Our current line-up consists of regular shows, such as Andy and Sean’s Lab Rats, and Cheryl Poirier’s spin-off, Miss Download; as well as standard and special tutorials.  Tutorials are screen captured how-to’s with a voice over.  Special tutorials are a series of ten or so episodes on a particular topic.  For example, the two special tutes we have on offer right now are Facebook for Grownups and Gmail for Beginners.

We do have other shows already on the site, and many more are coming, so check back often at butterscotch.com, or better yet, subscribe to the RSS feed.

The challenges, for me, in putting the site together, were:

  • slicing up the composite and creating the base page (HTML and CSS) (got a lot of Photoshop help from Joan, our graphic artist at Tucows)
  • establishing single signon between butterscotch and Tucows.com
  • creating the backend CMS (content management system), where Andrew maintains the content which appears on the site

Of course, we’re not done yet.  We’re still developing new and terrific functionality, and figuring ways to integrate the butterscotch and Tucows content.  It’s all about bringing more value to our visitors and authors.

Sure developing the site was a marathon of long days and late nights, and it kept me from family and blogging, but this is the sort of challenge which stretches your abilities and forces you to find new insights into your work.  I loved it.  I wouldn’t want to do it again real soon; but I loved it.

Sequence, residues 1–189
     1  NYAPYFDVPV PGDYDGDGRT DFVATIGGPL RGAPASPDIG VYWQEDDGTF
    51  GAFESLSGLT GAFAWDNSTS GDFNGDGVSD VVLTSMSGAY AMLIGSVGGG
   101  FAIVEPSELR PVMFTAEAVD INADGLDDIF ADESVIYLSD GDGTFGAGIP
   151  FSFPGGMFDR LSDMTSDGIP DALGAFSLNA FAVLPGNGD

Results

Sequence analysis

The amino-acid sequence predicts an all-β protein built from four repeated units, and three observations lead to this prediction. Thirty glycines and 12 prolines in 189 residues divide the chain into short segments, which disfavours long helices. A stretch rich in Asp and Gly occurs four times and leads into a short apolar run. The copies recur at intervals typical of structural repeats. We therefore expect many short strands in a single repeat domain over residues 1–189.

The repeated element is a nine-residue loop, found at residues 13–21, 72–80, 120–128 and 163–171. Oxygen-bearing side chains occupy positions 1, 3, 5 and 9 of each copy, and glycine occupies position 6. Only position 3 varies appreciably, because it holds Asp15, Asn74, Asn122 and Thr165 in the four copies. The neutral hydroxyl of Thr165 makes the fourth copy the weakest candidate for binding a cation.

National Do Not Call List Goes Live

Finally!  The CRTC’s Do Not call List, as implemented by our friends at Bell Canada, throttlers of Internet feeds everywhere, has gone live today.  Then keeled over and died because Canadians across the nation pounced at the opportunity to shield themselves from the nefarious effects of telemarketers.

If you want to register, and I recommend you do, you can reach the website at https://www.lnnte-dncl.gc.ca/ or call one of these toll-free numbers: 1-866-580-3625 or 1-888-362-5889.  Telemarketers will then have 31 days more with you, then they need to stop.

Update: By mid-afternoon, on the first day of the DNCL, over 1.2 million phone numbers had been registered.

Sick Kids Doesn’t Want My Money

Last weekend, an earnest young lady named Taylor Lewis knocked on my door.  She was wearing a Sick Kids Hospital vest, and had a special tag hanging on a lanyard around her neck, identifying her as a certified agent of the hospital, empowered to represent the institution for the purposes of collecting donations.  I listened to her enthusiastic descriptions of the good works the hospital was engaged in, and how the benefits of their highly successful research extended far beyond their walls, to other hospitals, and other countries.

She answered my questions forthrightly, and I was prepared to donate twenty bucks.  Why not?  As she showed me the form, it was evident they were looking for monthly donations, rather than a one time hit.  Sure.  That made sense.  Fund raising is an expensive proposition.  If you take a one time donation, you have to start all over again the next day.  But if you find people prepared to donate monthly, it’s an ongoing revenue stream. Continue reading

What I’ll Tell Ken Dryden

Over a month ago I contacted Ken Dryden’s riding office to arrange a meeting with my Member of Parliament.  I expected to see him within a week or two; I’d tell him of my concerns related to various issues of the day, and he’d take that into consideration when he returned to Ottawa.

But no.  It’s been over a month, and I don’t even have an appointment yet.  I was told his office had been flooded, and was currently being renovated.

If my office were flooded and needed to be renovated you can be sure I wouldn’t wait for the renovations to be completed before seeing my clients and assuring them I’m still on the job; that they can count on me to continue getting things done for them.  That it was business as usual.  I wouldn’t let a small matter like a bit of water get in the way of the important work I’m doing for them.

But hey, I’m not a politician. Continue reading